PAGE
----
Mysky Edo logo

Flight School

When you are running a flight school, training future commercial pilots, you are making an important contribution to the national transportation system by alleviating the current pilot shortage.

That’s great. Nevertheless, sooner or later you will be the target of noise complaints. Usually fueled primarily by residents near your airport. Here is a typical example:

While reduction of emissions is our number one priority, we are also working on the reduction of airplane noise. Interestingly, both goals can very well be pursued at the same time. And the results of our noise reduction efforts are as impressive as those for the carbon footprint minimization.

Let’s first take a look at what causes the noise of light aircraft powered by a piston engine and propeller. Basically, there a three sources of noise:

  1. The piston engine
  2. The propeller
  3. Aerodynamic noise

No. 3 is not so important. Aerodynamic noises are not what causes people to regard airplanes as annoying. When you watch a glider, there is not much to hear from the ground. Even powered airplanes are not that noisy anymore once they are on final approach with the engine idling.

The question is which of the other 2 items generates the noise. Most people would say it comes from the engine and the lack of efficient mufflers. Big surprise here, in most installations the propeller noise is perceived as more annoying than the engine noise.

The reason is that our propellers typically run at around 2,700 RPM on takeoff. This takes the propeller tips close to the speed of sound and creates in most cases more noise than the engine itself – even if at full power.

Why do our propellers run at such high speed? They could run much quieter if they ran at – let’s say – around 2,200 RPM.

Turns out that the RPM that our typical aircraft engines are rated for is a compromise. The engine could actually turn out more power at a higher RPM. But as we had not so good experience with reduction gears in the 1940s and 50s, it became common practice to bolt the propeller directly to the crankshaft of an aircraft engine.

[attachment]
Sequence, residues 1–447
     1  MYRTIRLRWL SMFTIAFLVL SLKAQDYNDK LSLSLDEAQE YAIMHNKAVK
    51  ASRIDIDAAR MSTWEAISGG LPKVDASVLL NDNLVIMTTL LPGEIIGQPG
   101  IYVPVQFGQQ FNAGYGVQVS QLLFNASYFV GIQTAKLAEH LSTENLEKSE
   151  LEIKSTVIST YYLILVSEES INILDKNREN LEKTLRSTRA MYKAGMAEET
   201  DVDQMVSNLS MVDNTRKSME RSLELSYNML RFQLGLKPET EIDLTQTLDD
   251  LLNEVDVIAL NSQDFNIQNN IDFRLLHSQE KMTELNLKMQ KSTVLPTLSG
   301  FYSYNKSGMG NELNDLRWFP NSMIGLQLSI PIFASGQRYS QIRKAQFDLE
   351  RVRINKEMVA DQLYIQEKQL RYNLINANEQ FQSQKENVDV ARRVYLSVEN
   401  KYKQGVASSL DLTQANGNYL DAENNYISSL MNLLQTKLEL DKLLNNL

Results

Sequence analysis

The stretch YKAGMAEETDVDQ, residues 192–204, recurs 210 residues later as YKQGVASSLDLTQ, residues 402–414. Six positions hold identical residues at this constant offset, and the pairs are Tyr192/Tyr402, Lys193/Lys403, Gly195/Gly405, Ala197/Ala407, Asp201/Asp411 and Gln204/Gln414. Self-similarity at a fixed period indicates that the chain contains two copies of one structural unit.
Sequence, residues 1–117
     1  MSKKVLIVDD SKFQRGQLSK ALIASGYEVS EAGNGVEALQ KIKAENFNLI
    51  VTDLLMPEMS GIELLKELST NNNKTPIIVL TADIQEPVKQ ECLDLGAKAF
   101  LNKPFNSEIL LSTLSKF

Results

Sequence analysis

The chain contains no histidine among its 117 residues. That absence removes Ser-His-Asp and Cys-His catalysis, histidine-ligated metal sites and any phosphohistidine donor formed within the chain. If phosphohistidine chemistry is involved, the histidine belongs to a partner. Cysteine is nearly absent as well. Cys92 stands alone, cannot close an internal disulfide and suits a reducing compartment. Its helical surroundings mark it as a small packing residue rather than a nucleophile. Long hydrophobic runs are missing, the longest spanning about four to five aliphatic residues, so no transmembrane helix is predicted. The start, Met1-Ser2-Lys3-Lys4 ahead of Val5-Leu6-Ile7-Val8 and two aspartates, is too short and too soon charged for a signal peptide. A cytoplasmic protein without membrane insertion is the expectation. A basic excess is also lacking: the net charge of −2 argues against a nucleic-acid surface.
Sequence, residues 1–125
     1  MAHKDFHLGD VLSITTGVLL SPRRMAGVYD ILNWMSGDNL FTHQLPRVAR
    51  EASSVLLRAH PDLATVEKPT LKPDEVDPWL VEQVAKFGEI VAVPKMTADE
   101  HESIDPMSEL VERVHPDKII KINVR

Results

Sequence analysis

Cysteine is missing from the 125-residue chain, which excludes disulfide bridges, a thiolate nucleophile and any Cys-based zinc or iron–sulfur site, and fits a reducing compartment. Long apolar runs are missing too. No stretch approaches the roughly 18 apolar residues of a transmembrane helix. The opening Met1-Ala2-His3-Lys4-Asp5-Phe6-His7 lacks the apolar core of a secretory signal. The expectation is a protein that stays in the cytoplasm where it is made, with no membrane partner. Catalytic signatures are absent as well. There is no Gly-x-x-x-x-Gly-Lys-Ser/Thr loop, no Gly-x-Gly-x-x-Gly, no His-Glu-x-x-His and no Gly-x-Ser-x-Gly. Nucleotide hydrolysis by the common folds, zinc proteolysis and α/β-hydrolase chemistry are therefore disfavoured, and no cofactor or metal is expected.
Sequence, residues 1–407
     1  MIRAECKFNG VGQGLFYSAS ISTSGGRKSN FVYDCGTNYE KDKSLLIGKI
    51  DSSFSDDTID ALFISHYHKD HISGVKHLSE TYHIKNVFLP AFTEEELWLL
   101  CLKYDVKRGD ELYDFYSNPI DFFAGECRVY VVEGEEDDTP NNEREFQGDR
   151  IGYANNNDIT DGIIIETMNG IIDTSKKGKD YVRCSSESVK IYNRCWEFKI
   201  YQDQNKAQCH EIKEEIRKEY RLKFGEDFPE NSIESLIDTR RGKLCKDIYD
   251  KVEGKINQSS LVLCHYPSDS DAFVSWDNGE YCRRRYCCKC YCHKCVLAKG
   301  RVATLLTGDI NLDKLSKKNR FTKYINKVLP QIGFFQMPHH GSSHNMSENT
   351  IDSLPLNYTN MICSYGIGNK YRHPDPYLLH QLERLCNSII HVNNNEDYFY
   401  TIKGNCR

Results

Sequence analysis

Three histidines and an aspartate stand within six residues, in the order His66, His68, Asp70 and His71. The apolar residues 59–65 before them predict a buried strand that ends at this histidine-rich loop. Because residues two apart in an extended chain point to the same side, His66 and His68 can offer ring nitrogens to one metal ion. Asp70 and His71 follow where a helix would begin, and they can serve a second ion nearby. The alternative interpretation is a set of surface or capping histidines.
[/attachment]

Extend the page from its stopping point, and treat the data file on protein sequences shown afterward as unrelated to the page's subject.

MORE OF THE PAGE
An example is the IGO-480 series. Lycoming developed this engine in the early 50s based on the  O-320. The O-320 is designed for a propeller bolted directly to the crankshaft. It is rated at  2,700 RPM maximum.

The IGO-480 is a geared engine (IGO = injection, geared, opposed). Although it uses many of the same components, it is now rated at 3,400 RPM at takeoff. The difference is the reduction gear. It makes the propeller run at only around 2,180 RPM at full power.

Unfortunately, because of shortcomings in metallurgy and design, geared engines had many problems in the 50s, 60s, and 70s. No manufacturer wanted to touch them anymore. Also because they acquired a bad reputation among pilots over the years.

In the early 80’s Rotax introduced their – at the time – new 912 series of light aircraft engines. They were geared from day one. Since 1982 they have built more than 40,000 of these. Rotax produced more aircraft engines than any other manufacturer in the last 40 years.

Today they have a good reputation in aviation circles. And they are a big step forward when it comes to noise reduction. Their propeller speed is only around 2,200 RPM on takeoff.

The Rotax 915 iS, the engine which will drive our new MySkyECO MS-1L, is even quieter. It has a new muffler to reduce the combustion noise even more and we are going to equip it with a newly developed 3-blade-propeller which is electronically kept a best performance and efficiency all the time (FADEC).

Our new aircraft will not only be a giant step forward when it comes to reducing the carbon footprint. It will be as big a step forward when it comes to noise reduction.

This holds true for our future projects as well. They will all have reduction gears. Even the electric MS-1e. The propeller will run probably even slower making it almost impossible to hear it while flying overhead.